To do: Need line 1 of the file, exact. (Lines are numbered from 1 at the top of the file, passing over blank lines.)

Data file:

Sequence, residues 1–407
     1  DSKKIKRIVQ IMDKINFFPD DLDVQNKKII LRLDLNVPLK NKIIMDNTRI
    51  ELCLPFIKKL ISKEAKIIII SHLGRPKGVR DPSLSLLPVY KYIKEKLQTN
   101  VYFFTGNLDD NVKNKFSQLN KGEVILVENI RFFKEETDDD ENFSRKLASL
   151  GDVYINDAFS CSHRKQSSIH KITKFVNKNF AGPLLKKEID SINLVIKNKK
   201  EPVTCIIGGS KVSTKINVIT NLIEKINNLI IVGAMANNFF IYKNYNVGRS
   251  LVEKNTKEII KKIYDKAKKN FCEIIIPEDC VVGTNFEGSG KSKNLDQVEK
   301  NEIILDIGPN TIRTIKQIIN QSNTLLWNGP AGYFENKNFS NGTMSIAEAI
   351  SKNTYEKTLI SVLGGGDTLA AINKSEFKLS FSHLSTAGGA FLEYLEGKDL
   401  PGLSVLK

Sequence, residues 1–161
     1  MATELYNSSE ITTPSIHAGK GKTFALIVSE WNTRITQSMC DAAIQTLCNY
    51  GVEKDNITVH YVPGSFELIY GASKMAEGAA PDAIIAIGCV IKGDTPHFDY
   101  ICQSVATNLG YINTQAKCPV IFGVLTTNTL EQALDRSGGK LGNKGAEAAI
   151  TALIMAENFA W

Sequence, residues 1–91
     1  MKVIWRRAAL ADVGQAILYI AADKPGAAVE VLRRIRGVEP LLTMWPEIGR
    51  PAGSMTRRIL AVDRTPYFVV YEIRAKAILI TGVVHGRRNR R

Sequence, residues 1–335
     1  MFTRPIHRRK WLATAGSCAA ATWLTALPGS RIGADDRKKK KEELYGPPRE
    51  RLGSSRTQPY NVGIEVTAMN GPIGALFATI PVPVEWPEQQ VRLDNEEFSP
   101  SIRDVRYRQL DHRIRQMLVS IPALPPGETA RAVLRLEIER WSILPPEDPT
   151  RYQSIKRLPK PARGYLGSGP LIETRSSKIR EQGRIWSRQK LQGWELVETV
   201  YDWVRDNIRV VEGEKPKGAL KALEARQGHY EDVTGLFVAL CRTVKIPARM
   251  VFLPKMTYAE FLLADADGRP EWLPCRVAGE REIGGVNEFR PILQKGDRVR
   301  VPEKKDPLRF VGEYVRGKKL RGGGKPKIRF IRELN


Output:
Sequence, residues 1–407